• > As someone who owns a HoloLens...every morning, or even once a month.
    Very true. If you are not a programmer, HoloLens at this state, is not for you. You'd be disappointed since there's nothing much for you to do. If you are a game programmer, you'd have plenty of fun time every day.
  • > definitely not something I put on every morning It is not now, but what about when it will get smaller and lighter and always connected, with a better input?
  • Sure, that's the point I'm making. It's definitely not there right now, and I'm not expecting it with v2, but love to be surprised.
  • So no one is not saying anything about the fact that this hololens will be able to make and receive calls?
  • Skype has always been there ;) Not sure "making cell calls" is a priority for a holographic computer.
  • Today companies pays 100k of $ to set up tele-presence room so yes a would say "making cell calls" should be a priority. All added ability to show presentations, walk thru solutions and so on would actually make this togather with 5G a ideal TP room killer.
  • Tele-presence and virtual presentations is the reason Microsoft bought out AltspaceVR.
    We'll see that tech being integrated into the WinMR home experience as sharing your virtual workspace with other people instead of the current separate app, and using Xbox avatars for virtual presence.
    Once we have video and spatial workspace sharing, you won't want to use cell-based voice-only calls anyway.
  • Look at Google Glasses. They rushed to push that into the consumer market and now where did it go?
  • This is also supposed to feature the new Kinect for Azure depth camera, right?
  • Think I've heard that name from a conference, think that's the camera they are going for.
  • Rumor has it that both the new depth-sensing camera and (drumroll please.....) DOUBLE the Field of View!!! (finally.) The FOV limitation is a big issue with HoloLens 1. If they can double that, it will make it much, MUCH more usable. Add in eye-tracking and they will have a great device.
    An 850 seems a forgone conclusion at this point (possibly an 855 or custom version of said chip too. If they would put in an 855 with 5G that would be awesome and solve the latency issues (mostly due to the weak CPU in the Atom they currently use and WiFi chip.)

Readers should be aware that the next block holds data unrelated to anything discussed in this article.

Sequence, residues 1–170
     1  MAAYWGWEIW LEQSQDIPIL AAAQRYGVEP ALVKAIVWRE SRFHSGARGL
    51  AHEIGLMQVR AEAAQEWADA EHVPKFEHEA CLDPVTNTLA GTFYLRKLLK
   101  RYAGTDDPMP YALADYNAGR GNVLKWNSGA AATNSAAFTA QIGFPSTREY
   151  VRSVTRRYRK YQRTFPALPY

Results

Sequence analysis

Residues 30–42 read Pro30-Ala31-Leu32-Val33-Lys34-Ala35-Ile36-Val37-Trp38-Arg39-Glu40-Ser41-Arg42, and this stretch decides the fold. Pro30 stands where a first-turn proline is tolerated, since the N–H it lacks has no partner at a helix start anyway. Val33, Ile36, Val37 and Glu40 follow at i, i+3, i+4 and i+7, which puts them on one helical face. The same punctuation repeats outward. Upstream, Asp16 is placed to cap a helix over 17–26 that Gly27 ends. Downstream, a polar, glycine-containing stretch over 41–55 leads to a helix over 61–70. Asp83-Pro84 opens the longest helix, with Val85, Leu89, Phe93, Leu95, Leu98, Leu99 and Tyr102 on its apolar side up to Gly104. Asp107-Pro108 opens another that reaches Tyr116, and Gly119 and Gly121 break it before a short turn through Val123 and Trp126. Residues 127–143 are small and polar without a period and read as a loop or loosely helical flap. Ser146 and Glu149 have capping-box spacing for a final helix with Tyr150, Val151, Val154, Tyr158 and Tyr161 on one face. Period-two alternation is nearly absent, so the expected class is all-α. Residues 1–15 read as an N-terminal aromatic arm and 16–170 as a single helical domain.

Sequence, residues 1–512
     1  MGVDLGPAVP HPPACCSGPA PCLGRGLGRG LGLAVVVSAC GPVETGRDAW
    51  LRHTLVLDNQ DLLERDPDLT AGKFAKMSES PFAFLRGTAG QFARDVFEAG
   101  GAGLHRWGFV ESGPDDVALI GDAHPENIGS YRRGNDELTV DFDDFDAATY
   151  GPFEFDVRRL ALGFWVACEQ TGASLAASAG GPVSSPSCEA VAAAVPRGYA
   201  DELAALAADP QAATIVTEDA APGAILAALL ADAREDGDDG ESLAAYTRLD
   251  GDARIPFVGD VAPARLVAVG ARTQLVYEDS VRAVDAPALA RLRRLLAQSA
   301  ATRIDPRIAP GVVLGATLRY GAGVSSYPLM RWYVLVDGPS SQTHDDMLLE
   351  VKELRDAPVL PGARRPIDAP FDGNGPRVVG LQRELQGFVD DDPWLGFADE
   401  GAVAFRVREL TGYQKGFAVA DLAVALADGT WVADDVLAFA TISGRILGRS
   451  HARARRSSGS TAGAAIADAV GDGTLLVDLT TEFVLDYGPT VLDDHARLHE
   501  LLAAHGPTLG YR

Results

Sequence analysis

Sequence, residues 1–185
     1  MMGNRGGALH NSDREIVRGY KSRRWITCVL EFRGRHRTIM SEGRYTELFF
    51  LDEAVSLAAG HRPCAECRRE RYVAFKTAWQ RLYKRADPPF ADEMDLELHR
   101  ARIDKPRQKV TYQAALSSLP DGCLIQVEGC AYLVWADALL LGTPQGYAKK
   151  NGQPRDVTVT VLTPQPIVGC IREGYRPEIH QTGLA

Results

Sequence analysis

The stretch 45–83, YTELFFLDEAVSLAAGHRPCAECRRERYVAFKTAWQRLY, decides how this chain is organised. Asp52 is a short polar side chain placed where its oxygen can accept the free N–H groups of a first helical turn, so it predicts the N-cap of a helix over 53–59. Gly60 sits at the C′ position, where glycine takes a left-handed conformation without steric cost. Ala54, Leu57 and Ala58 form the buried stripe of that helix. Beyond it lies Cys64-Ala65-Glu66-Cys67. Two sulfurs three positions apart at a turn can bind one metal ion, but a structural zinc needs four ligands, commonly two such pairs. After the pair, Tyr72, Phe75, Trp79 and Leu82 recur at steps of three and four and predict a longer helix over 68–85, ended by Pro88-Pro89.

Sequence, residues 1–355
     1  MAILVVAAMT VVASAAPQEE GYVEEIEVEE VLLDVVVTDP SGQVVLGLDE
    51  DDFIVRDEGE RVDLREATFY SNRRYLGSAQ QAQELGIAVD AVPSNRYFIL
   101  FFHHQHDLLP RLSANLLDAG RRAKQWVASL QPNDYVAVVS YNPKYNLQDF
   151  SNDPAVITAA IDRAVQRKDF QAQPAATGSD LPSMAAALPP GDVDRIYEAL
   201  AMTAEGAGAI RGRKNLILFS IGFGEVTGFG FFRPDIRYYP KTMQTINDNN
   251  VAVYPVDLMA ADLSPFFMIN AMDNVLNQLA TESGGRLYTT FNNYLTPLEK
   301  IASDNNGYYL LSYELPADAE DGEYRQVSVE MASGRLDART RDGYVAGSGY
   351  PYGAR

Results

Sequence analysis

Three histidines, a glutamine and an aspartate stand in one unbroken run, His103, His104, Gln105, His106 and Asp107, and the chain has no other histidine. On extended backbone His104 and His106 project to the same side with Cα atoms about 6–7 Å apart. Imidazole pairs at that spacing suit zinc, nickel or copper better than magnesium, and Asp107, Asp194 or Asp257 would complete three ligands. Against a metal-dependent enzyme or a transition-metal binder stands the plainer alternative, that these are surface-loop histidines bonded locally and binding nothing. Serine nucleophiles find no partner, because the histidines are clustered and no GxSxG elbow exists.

What they also need to show is a new plug-in for the new version of Visual Studio for writing your own HoloLens apps.
  • Why do you keep referring to it as Hololens 2? Alex Kipman or someone said they skipped version two because it wasn't enough of an improvement over the first iteration. They should be announcing HoloLens 3
  • You know darn well it was never announced, making this hololens 2.
    If every iteration of a device was officially announced, first Gen products would be prototypes. You're not an idiot.
  • Kipman literally never said that. You're going on a reported rumor that was conceptual: Microsoft was skipping an internal, iterative update to go for something bigger.
  • I know you said 850 processor, but that better be for the low grade version. Put the 8cx in the top line version and I'll buy 3 day one for me and the family.
  • Too early for that is my guess
  • You can't just put the most powerful processor available in a battery-operated head-mounted computer... power requirements and thermals are quite important for comfort. Watch for apps running on a powerful desktop PC while using the headset wirelessly for sensors and display instead when more power is needed.
    There is no reason the two computers cannot complement each-other, they could even build that remoting at the API layer, making WinMR apps run on a desktop PC with a wireless HoloLens run as if they were simply on a more powerful headset without having to worry about the networking layer.
  • This may not be so easy to do. The connection would have to be incredibly low latency and capable of pushing very high throughput or they'd need ways to hide the latency or it could result in really nausea inducing graphical issues. AR and VR have much tighter requirements on framerate and latency than typical applications. What you can do though is use the desktop PC and the HoloLens at the same time, since nothing will block out your view of a monitor. And you can push data to the HoloLens as long as you don't need to do the rendering remotely, or it isn't graphically intensive. But it won't solve use cases that require graphically intensive rendering on the HoloLens itself, without some really clever solutions to the latency issues.
  • The API already supports apps providing depth maps of rendered frames, and vo